Anyone considering a career in a busy restaurant might want to read this first. Tess, a newcomer to New York joins a team of other outsiders when she gets a job as a back-waiter in a celebrated eaterie. These are people searching for a means of belonging and what they get is a hell-hole of rules, regulations, hard work and restrictions which consumes their lives and gets them searching for survival through alcohol and drugs. These people work hard and party harder. This way of life intoxicates them and few ever leave their positions making it a workplace of little mobility and a lot of demands. Stephanie Danler conveys this beautifully. Theirs is an intense, raw existence, a conveyor belt of smiling whilst sweating and where the customer is not just always right but is to be treated like a demanding demi-god. Who said it’s just dinner?
And then there’s the food. There’s a lot of it in this novel. We are offered gastronomic ecstasy. Food is to be tasted, wine to be experienced unless it is after hours when it is quaffed in vast quantities. Selfish qualities are needed to remain in post and certainly to jockey for any promotion. It’s best never to let one’s guard down, Tess discovers, but then the distraction of sex, lust and excess get in the way. Nobody is especially likeable and that just might be Danler’s intention as these are characters whose identities have been devoured by their workplace.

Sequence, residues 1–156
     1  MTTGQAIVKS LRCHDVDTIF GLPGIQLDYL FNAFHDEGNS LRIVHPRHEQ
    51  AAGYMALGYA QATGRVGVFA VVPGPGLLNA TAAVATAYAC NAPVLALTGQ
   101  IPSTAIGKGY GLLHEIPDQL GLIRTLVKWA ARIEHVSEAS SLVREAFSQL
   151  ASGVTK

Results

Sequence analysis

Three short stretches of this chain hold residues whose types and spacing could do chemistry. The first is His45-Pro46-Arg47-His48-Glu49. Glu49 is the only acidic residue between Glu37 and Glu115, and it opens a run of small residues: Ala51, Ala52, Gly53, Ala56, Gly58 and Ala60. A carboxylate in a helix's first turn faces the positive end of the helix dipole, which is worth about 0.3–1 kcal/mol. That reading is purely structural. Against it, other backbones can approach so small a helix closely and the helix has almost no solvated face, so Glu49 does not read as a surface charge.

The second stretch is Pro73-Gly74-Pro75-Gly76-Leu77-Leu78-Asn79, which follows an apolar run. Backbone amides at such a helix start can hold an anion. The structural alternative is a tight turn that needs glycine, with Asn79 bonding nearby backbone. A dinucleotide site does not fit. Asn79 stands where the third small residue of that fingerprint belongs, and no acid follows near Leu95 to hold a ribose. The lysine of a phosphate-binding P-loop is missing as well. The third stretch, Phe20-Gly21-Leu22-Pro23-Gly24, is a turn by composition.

This intensity rarely lets up. Danler takes us through the four seasons of the restaurant, beginning with the searing heat of a New York summer and the author is very good at illustrating each season’s effect on the character of the restaurant, its food and its staff. This is a fairly exhausting read but an impressive one. Danler remains in total control of her location and the lives of those who find themselves selected to devote their every working second to this insane existence of service and taste.
Sweetbitter is published by Oneworld today – 2nd June 2016